‘We have to do better’
Temple Israel, community mourn Pittsburgh victims
Eleven blue and white candles burned brightly Friday evening as clergy and civic leaders came to Gary’s Temple Israel for a vigil of solidarity for the victims of the Oct. 27 mass shooting at a Pittsburgh synagogue.
“We’re here to remember the 11 but also show support for all. … Our foundation is social justice, and we will continue this mission. We are survivors,” said Lisa Giglio, who led the Shabbat service.
One by one, community and Temple Israel members lit candles for the 11 mostly elderly Jews killed at the Tree of Life synagogue last week.
The suspect, identified as Robert Bowers, 46, of Pittsburgh, was armed with an assault rifle and three handguns, police said. Police said he yelled, “All Jews must die!” as he entered the Tree of Life synagogue.
Bowers, an anti-Semitic truck driver, pleaded not guilty Thursday to federal charges in a 44-count indictment accusing him of murder, hate crimes, obstructing the practice of religion and other crimes. He was jailed without bail.
In online posts, Bowers had repeated white supremacist conspiracy theories. He called immigrants “invaders” and said Jews were the enemy of whites.
Friday’s vigil drew about 150 people to Temple Israel, a synagogue that first opened in downtown Gary in 1910. It established its current building in Miller, near Lake Michigan, in 1958.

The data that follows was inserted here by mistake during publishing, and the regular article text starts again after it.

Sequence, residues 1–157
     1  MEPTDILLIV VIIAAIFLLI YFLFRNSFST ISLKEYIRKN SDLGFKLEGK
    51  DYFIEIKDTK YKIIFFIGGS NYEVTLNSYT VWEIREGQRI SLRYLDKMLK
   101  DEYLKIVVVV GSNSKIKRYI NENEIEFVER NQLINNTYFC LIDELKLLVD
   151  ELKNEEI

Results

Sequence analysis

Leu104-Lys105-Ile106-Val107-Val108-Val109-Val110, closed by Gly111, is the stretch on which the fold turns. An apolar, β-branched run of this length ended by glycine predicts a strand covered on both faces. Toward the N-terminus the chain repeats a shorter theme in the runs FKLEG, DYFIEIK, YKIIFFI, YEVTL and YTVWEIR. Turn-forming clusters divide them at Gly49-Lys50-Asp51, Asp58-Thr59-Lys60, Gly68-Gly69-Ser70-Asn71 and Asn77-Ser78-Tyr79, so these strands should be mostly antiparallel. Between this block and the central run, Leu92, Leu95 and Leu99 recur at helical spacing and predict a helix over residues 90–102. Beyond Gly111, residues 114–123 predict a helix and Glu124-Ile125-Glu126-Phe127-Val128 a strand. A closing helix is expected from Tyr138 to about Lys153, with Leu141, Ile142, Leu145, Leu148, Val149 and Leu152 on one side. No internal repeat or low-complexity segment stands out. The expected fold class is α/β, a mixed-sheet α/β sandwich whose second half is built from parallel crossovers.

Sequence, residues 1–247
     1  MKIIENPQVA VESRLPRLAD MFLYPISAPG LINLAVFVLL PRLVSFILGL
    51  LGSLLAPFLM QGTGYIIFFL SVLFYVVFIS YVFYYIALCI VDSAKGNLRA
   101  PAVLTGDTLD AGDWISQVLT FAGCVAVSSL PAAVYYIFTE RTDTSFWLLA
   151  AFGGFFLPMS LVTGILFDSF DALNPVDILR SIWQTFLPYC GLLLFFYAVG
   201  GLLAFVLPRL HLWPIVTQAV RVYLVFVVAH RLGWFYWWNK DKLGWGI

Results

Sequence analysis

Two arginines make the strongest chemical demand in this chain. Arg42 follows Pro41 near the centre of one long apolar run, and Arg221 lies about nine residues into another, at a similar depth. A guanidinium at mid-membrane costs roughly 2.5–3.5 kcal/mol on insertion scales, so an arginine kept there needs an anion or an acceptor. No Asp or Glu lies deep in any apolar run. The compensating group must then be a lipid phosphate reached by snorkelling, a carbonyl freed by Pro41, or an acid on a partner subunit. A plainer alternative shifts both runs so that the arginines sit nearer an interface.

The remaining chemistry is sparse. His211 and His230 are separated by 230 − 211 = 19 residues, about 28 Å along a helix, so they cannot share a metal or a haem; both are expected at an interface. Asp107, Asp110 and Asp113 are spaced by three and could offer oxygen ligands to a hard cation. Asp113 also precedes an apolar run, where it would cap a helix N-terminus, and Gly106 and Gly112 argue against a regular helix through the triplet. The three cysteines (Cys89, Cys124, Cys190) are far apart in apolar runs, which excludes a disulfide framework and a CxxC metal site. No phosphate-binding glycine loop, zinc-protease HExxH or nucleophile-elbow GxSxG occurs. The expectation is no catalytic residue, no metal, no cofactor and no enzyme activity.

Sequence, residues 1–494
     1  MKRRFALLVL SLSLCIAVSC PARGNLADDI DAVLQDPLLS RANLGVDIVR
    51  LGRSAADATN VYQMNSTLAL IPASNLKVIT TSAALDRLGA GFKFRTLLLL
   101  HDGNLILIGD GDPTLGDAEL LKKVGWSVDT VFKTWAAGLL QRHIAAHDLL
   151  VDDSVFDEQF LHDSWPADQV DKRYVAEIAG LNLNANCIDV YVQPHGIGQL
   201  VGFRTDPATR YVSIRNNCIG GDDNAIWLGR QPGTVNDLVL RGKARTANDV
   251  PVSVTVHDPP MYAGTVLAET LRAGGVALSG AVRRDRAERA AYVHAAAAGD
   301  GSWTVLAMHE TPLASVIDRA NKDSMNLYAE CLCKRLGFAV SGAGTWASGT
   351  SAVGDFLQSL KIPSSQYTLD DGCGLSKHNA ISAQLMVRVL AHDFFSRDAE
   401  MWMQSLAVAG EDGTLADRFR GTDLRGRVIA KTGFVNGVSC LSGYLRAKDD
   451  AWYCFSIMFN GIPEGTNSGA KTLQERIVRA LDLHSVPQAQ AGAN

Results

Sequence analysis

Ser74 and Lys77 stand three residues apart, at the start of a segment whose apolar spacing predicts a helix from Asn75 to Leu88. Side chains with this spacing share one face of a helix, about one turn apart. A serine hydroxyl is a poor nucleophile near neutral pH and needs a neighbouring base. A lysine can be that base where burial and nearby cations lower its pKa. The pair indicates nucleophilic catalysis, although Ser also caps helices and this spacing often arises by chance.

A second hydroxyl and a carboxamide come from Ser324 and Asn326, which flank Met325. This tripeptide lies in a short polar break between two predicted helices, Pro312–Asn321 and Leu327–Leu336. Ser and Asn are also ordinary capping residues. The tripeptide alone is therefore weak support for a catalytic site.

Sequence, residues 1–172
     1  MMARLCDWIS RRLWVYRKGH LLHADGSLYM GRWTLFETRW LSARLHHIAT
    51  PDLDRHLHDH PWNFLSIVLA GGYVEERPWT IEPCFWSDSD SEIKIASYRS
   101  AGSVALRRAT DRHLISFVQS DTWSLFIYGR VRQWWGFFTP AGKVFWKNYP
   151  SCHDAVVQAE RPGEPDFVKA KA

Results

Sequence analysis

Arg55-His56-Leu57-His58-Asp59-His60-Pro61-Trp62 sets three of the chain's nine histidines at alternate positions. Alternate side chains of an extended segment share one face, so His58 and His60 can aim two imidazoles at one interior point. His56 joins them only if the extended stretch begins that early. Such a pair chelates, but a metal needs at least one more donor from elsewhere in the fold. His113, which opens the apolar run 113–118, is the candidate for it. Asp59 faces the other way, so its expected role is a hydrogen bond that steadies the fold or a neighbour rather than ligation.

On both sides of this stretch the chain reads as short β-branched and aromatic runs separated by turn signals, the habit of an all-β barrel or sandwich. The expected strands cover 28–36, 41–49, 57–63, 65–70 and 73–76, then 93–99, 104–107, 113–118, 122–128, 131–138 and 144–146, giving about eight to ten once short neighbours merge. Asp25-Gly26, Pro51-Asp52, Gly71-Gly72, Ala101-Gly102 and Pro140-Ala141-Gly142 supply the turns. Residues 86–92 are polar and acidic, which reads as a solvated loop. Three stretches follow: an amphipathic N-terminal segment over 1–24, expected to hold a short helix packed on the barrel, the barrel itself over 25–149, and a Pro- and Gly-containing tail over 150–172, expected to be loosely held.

Sections of Friday’s service were in Hebrew as synagogue leaders explained the meaning of the prayers and verses.
Mayor Karen Freeman-Wilson lit a candle for one of the victims.
In her remarks, she said hearing the names and ages of the victims made the tragedy more real than the news coverage.
“The thing that resonates with me then and now as I see the things that are happening across this room is we know better. ... But knowing better and doing better are two distinct things. ... We have to do better.”
She said even though the Tree of Life massacre happened 500 miles away, the Gary community came together in solidarity.
“The more we do this as an affirmative message to each other, it says we are better than the hatred, the divisiveness ... all of those things that cause people to magnify our differences.”
Retired Diocese of Gary Bishop Dale Melczek, who serves as pastor of St. Mary of the Lake, said he came to stand in solidarity with those in pain and sorrow.
“We come together to condemn the violence and hate that individuals perpetrate on others. ... These disgusting and sinful acts remind us how we have to continue our efforts to eradicate anti-Semitism and racism in all its forms,” he said.
The Rev. Joan Meir, of Peace United Church of Christ in
Merrillville, presented the synagogue’s president, Mark Sperling, with a painting of trees. “The trees are standing side by side. It’s a covenant gift to remember this night.
“Our world is being filled with such negative rhetoric that’s sweeping the land. … We as people of faith are called to stand up. We should be able to feel safe in our houses of worship.”
Giglio closed the service, thanking the audience.
“Last week my heart was full of pain. But you are helping to repair it. Thank you.”
Various members of the community sing together Friday at an interfaith Shabbat/vigil at Temple Israel in Gary in honor of the victims of the Pittsburgh massacre.
Friday’s vigil drew about 150 people to Temple Israel, a synagogue that first opened in downtown Gary in 1910.